Belly up to these bar stories, brought to you by Miller Brewing Co., that explore well-loved but lesser-known taps and taverns from all corners of the city and beyond.
If the Ice House, 4238 W. Orchard St., is a hidden gem – and I'd argue that it is – it’s one that’s hidden in plain sight, on busy Miller Park Way, across the street from Target and Toppers.
But it wasn’t always that way. Back in 1981, when Bruce Schwabe bought the place, it sat on a quiet one-way street that was surrounded mostly by manufacturing businesses.
"That was our lunch trade," Schwabe says one sunny summer afternoon over lunch, with just a couple folks in the bar. "We'd cash checks for the guys and everything."
In 1987, 43rd and 44th Street were bulldozed to create the bustling Miller Park Way, cars zoom past the Ice House at top speed and few of the employees of Target and the other chain stores lining the strip come in for lunch.
"We’ll get folks who come in to grab a pizza for carryout," Schwabe says. "We could open later now, but I work lunch three days a week, so it’s not like I’m paying someone."
Anyway, Schwabe and his wife Kathy – who runs the kitchen – live upstairs, so he figures he might as well come down and open the bar for the hungry folks that will stop in.
Schwabe says the pizza is typically the big draw, food-wise.
"We make our own pizzas. We don't do our own crust, but we hand-toss them all," he says. "Also our burgers. Our patties are never frozen, all hand-made. So the burgers are good. We do steak sandwiches, we have a good 10-ounce ribeye sandwich. It's a pretty good sized sandwich."
These days, the Ice House has become a destination bar. A couple AmVets groups meet regularly there. And being just a short hop from Miller Park means it’s a great before and/or after-game spot.
"We don't get much neighborhood trade," Schwabe says. "It's good for the Brewers. We do about 45 games on our shuttle, plus, you know pool teams, darts, that's where we get our business from. And from friends."
Schwabe still opens every day at 11 a.m., a bit earlier if the Brewers have a nooner. The Ice House typically closes a bit early on Sundays, maybe 7 or 8.
The Ice House looks a lot like a house on the outside, and it feels like that kind of down-home Milwaukee bar that’s been disappearing from a lot of neighborhoods in this town.
You enter through an enclosed porch and the bar runs along the far well, curving off to the left in the back room. In a room behind the bar is the kitchen. Opposite the bar is a row of entertainment machines. In the back room there’s a pool table, a small cushion-front bar, a makeshift DJ set-up and dart boards.
The walls are decorated with signs advertising specials, like Wednesday’s $5 burger and fries special and $5 pitchers weekdays from 11 to 7.
Like most of the survivors, this place has a story.
After going to school in Muskegon, Michigan, Schwabe returned to Milwaukee and at 17 began working as a mechanic, fixing automatic pin setters on the 10 lanes at Silver City Lanes on 38th and National, which his dad ran from 1962 until 1981.
When Schwabe's dad sold (the place later became Showdown Lanes) – Schwabe was just 23 – his dad’s friend’s family was looking to sell their bar on 43rd Street and Bruce bought it.
"I bought it from the Malinowski family, they had it from 1925 until 1981," he says. "It was called Ice House Mary’s. There used to be Hometown Ice across the street – back in the day, it was Wisconsin Ice and Coal – and they tore that down about 10 years ago.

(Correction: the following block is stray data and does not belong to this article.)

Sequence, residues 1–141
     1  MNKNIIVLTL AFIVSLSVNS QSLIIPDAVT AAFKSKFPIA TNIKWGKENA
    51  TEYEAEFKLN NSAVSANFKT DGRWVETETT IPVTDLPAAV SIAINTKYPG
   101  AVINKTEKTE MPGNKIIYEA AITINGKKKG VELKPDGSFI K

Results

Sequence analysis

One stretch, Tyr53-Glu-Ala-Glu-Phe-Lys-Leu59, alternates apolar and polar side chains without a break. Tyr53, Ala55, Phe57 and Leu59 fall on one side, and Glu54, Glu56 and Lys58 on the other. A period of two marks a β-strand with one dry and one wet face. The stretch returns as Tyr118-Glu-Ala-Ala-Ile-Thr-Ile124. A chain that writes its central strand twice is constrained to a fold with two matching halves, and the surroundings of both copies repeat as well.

"So that's where the name had come from. (Over the years) it was Dick and Mary's, it went to Mary's and then they just called it Ice House Mary’s. When I bought it in '81, I just kept Ice House, because it was still there."
My burger and hand-cut fries were great, washed down with a $2 Lakefront Riverwest Stein – a bargain you might think doesn’t even really exist anymore. It does at the Ice House, but it’s unclear how much longer it can.
"We’re still going, yeah I will be getting out shortly," Schwabe says. "My wife is 68 and I’m 59, so we’re just kind of cruising down."
There is no plan to close the bar right now. He’s not in a major hurry – and he’s got no post-retirement plan devised – but he doesn’t want to keep going to much longer, he says.
"I've got a couple of people I’m talking to, but it's up to them. If the price is right, I'll go," he says. "I'm ready to go, there's no doubt, I just still want to be (physically) able to do something when I get out of here."
Born in Brooklyn, N.Y., where he lived until he was 17, Bobby received his BA-Mass Communications from UWM in 1989 and has lived in Walker's Point, Bay View, Enderis Park, South Milwaukee and on the East Side.
He has published three non-fiction books in Italy – including one about an event in Milwaukee history, which was published in the U.S. in autumn 2010. Four more books, all about Milwaukee, have been published by The History Press.
With his most recent band, The Yell Leaders, Bobby released four LPs and had a songs featured in episodes of TV's "Party of Five" and "Dawson's Creek," and films in Japan, South America and the U.S. The Yell Leaders were named the best unsigned band in their region by VH-1 as part of its Rock Across America 1998 Tour. Most recently, the band contributed tracks to a UK vinyl/CD tribute to the Redskins and collaborated on a track with Italian novelist Enrico Remmert.
He's produced three installments of the "OMCD" series of local music compilations for OnMilwaukee.com and in 2007 produced a CD of Italian music and poetry.
In 2005, he was awarded the City of Asti's (Italy) Journalism Prize for his work focusing on that area. He has also won awards from the Milwaukee Press Club.
He can be heard weekly on 88Nine Radio Milwaukee talking about his "Urban Spelunking" series of stories.